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# How to interpret contradictory results between ANOVA and multiple pairwise comparisons?

This article explains how to interpret contradictory results between ANOVA and multiple pairwise comparisons, also referred as post hoc comparisons.

## A few words on multiple comparisons tools

### Why do we need to use multiple pairwise comparisons tests?

The aim of ANOVA is to detect whether a factor has a significant effect on a dependent variable globally. For example, we may study how smoking affects pulmonary health. Smoking is the factor involving 4 population groups (non-smokers, passive smokers, light smokers and heavy smokers).

Assuming that ANOVA detects a significant effect of smoking on the pulmonary health, we can go a step further and examine whether specific population groups differ significantly from one another. For this purpose, we need to test the differences between all pairs of groups. Pairwise multiple comparisons tests, also called post hoc tests, are the right tools to address this issue.

### What is the multiple comparisons problem?

Pairwise multiple comparisons tests involve the computation of a p-value for each pair of the compared group. The p-value represents the risk of stating that an effect is statistically significant while this is not true. As the number of pairwise comparisons increases, and therefore the number of p-values, it becomes more likely to detect significant effects which are due to chance in reality. For example, given a significance level alpha of 5%, we would likely find 5 significant p-values by chance over 100 significant p-values.

To deal with this problem, multiple pairwise comparisons tests involve p-value corrections: p-values are penalized (= their value is increased) as the number of comparisons increase. Therefore, it becomes less likely to draw erroneous inferences. Note that the p-value penalization procedure differs from one post hoc test to another.

To find out how to run an ANOVA followed by multiple comparisons in Excel using XLSTAT, check out the tutorial here.

## Interpretation of contradictory results between ANOVA and multiple pairwise comparisons

As explained in the above session, ANOVA and multiple pairwise comparison tests examine different questions. The computations made to provide the answers rely on different methodologies. It is therefore possible that the results generated are contradictory in some cases.

### Significant ANOVA with non-significant multiple pairwise comparisons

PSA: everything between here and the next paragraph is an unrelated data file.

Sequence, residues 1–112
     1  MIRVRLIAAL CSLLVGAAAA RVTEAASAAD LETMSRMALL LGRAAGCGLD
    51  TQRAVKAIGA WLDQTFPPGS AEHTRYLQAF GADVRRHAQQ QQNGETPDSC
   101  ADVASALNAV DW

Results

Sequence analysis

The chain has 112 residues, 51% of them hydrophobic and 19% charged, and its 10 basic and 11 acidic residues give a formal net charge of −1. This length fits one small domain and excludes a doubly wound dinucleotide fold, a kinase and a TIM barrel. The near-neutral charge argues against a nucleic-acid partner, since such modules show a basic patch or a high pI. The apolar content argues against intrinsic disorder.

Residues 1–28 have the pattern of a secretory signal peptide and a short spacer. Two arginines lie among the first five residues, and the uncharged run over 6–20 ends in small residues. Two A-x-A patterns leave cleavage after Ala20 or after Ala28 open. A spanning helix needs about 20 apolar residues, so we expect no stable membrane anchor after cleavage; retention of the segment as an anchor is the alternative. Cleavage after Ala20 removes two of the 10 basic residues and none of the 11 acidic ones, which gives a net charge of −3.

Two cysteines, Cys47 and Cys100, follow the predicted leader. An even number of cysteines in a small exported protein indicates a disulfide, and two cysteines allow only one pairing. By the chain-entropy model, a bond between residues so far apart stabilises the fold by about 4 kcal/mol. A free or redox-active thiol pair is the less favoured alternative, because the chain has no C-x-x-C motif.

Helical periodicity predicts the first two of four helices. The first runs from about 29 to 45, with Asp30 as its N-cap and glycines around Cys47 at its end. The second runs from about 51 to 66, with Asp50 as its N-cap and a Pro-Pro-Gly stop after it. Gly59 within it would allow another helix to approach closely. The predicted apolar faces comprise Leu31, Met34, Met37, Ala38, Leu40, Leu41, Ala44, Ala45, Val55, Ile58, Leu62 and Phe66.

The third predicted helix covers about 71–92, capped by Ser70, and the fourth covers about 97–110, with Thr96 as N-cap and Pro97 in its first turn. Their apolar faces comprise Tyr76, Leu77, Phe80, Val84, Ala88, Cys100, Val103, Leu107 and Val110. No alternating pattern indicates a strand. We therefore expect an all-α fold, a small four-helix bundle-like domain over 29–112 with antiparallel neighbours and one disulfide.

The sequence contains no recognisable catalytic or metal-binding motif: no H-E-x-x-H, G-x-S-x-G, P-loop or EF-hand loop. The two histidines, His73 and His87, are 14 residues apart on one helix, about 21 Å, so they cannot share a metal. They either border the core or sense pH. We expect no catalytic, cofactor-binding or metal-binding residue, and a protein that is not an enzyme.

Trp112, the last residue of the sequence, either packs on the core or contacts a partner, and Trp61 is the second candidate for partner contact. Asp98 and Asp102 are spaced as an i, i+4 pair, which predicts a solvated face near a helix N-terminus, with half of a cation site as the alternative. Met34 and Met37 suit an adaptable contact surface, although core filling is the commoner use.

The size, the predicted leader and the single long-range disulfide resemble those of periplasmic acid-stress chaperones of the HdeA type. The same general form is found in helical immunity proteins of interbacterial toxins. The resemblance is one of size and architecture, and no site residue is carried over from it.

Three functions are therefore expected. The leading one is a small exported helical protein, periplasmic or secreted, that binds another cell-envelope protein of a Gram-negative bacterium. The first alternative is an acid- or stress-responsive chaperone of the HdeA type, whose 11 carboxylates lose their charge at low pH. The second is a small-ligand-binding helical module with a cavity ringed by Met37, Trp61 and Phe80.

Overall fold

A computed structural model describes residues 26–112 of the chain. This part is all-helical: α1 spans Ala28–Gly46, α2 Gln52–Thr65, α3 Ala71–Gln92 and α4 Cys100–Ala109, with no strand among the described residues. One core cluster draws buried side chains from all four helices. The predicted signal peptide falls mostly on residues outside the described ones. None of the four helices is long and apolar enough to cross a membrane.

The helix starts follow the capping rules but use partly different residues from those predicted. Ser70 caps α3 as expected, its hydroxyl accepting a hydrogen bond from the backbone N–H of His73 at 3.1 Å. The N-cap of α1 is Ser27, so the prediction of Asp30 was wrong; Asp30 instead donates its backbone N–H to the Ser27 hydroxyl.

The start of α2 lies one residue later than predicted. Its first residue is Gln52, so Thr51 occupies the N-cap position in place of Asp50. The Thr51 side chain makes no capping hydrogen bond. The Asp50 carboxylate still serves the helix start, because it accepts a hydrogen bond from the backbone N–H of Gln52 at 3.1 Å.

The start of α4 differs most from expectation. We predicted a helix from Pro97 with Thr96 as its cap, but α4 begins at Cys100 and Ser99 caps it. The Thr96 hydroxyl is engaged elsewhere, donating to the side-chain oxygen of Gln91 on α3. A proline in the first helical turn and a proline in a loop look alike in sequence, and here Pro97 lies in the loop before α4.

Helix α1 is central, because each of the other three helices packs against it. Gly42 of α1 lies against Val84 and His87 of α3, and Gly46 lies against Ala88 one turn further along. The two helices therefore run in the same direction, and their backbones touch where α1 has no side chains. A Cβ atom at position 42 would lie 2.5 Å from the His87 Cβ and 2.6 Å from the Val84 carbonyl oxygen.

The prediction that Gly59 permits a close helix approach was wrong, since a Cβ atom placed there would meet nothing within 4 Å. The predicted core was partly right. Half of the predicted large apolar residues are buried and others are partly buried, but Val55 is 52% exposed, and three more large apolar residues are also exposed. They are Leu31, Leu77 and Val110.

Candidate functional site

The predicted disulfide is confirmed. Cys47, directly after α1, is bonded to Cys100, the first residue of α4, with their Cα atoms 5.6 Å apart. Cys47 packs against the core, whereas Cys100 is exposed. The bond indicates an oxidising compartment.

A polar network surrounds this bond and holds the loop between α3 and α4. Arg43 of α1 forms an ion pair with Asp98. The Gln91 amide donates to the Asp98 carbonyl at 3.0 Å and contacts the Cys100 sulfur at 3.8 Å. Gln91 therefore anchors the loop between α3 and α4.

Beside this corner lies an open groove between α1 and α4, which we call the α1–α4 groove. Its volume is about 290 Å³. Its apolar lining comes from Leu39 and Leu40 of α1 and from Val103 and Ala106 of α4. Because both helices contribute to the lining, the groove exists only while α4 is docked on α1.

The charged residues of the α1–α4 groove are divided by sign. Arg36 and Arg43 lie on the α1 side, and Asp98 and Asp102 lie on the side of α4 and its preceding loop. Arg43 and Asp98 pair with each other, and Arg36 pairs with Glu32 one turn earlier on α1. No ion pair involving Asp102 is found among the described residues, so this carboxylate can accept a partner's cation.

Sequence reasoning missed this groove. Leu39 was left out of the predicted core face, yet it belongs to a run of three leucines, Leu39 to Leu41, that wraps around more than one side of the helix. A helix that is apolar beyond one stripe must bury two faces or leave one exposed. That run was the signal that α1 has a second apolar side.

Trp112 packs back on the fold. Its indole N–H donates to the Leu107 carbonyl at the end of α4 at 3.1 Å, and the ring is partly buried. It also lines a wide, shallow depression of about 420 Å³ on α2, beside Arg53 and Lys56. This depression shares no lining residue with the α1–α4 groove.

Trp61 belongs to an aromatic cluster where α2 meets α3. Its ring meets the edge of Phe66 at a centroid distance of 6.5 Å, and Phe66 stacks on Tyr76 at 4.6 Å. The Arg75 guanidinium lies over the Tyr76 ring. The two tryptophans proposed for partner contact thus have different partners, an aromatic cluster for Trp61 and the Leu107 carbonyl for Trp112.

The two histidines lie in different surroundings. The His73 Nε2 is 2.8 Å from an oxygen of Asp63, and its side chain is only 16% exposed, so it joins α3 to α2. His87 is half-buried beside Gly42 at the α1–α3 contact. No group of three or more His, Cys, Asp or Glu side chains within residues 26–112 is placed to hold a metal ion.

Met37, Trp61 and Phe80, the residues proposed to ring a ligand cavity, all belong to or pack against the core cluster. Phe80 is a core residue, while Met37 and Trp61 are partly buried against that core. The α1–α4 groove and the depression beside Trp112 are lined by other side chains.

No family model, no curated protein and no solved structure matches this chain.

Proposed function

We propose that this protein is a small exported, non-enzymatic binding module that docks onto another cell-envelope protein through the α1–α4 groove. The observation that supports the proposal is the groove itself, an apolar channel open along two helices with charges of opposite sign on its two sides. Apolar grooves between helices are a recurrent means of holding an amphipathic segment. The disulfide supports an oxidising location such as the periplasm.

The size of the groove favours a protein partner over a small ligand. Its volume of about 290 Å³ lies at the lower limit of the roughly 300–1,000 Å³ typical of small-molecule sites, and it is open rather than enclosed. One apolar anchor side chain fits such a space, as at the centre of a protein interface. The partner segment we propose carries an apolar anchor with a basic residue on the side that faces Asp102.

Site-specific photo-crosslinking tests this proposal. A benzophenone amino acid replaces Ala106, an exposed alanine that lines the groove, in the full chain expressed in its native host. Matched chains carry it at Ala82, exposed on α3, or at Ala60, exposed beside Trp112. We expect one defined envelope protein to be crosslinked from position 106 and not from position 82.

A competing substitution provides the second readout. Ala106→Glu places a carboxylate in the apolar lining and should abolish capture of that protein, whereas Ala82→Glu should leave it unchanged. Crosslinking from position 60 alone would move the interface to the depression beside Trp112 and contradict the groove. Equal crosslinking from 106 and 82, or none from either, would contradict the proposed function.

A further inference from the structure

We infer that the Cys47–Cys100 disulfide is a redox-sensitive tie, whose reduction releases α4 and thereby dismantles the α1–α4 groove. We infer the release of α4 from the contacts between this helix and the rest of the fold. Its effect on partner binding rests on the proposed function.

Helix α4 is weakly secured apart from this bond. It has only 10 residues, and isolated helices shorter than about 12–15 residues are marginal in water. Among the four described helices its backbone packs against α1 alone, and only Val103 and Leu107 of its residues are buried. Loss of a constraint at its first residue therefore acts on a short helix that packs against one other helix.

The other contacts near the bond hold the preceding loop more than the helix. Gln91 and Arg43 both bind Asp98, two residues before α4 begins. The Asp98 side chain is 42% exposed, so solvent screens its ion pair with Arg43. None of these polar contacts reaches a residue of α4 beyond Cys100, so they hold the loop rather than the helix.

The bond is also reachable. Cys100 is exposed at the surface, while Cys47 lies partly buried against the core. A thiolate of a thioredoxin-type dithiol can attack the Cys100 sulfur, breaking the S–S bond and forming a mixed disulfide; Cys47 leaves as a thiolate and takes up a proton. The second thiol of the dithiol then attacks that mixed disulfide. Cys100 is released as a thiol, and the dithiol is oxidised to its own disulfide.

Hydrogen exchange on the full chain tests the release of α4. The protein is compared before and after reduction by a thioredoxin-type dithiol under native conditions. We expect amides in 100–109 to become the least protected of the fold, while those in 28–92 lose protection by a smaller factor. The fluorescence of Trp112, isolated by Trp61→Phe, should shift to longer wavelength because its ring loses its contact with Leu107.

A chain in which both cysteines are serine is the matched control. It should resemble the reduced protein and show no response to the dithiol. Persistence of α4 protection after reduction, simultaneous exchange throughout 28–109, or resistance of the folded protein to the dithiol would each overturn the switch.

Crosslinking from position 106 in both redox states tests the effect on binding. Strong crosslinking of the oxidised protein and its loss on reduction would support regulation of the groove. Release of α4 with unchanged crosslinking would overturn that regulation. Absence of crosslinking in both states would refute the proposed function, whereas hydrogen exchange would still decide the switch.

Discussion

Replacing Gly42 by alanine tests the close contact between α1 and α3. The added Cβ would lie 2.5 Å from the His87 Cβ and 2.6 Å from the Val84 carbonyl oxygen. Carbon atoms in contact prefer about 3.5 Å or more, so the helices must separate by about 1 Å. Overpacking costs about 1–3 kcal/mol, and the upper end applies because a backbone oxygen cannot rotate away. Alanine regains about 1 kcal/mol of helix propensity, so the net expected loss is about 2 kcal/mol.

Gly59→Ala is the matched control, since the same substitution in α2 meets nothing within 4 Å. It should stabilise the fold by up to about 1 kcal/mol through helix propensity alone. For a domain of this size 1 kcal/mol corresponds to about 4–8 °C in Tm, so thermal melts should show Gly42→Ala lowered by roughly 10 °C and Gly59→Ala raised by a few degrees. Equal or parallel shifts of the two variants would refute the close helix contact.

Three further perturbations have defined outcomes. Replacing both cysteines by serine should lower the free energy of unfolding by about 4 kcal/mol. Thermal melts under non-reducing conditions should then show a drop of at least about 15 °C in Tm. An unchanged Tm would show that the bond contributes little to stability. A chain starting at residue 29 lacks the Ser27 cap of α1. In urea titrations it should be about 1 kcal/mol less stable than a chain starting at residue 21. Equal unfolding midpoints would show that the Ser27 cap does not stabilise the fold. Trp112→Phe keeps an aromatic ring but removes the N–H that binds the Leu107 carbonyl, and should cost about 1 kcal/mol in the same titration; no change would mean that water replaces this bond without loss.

This conclusion can be drawn when:

• The p-value computed by the ANOVA is less than or equal to the alpha significance level (e.g. 0,05).
• All the p-values computed by the multiple pairwise comparisons test are higher than the alpha significance level.

An example is displayed below: Here are some suggestions why post-hoc tests may appear non-significant while the global effect is significant. The list below is not exhaustive. Other situations exist.

• A lack of statistical power. For example, when groups have small sizes. When pairwise comparison tests are not statistically powerful, it is less likely to detect significant differences.
• A high number of factor levels can also be an explanation. The more the pairwise comparisons, the more the p-values get penalized. Thus the risk of rejecting null hypotheses while this is true decreases.
• A weakly significant global effect (p-value of the ANOVA table is equal or close to the significant level).
• A conservative multiple comparisons test. The more conservative the test, the more likely to reject significant differences between means that in reality are meaningful.

### Non-significant ANOVA with significant multiple pairwise comparisons

This conclusion can be drawn when:

• The p-value computed by the ANOVA is higher than the alpha significance level (e.g. 0,05).
• At least one p-value computed by the multiple pairwise comparisons test is lower than the alpha significance level.

An example is displayed below: An unfortunate common practice is to pursue multiple comparisons only when the hull hypothesis of homogeneity is rejected. (Hsu, page 177).

In some cases, post-hoc tests can be powerful enough to find significant differences between group means even if the global effect is not significant. Generally, we can consider such results as valid with one exception (protected Fisher LDS).

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